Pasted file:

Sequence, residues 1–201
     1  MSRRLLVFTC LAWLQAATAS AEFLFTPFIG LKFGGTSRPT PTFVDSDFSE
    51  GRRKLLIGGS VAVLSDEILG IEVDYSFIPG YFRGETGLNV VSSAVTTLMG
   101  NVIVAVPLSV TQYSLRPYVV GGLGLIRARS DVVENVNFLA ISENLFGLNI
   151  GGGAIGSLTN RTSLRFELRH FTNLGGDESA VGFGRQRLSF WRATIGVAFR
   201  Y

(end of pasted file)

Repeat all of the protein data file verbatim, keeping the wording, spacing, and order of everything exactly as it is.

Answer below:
Sequence, residues 1–201
     1  MSRRLLVFTC LAWLQAATAS AEFLFTPFIG LKFGGTSRPT PTFVDSDFSE
    51  GRRKLLIGGS VAVLSDEILG IEVDYSFIPG YFRGETGLNV VSSAVTTLMG
   101  NVIVAVPLSV TQYSLRPYVV GGLGLIRARS DVVENVNFLA ISENLFGLNI
   151  GGGAIGSLTN RTSLRFELRH FTNLGGDESA VGFGRQRLSF WRATIGVAFR
   201  Y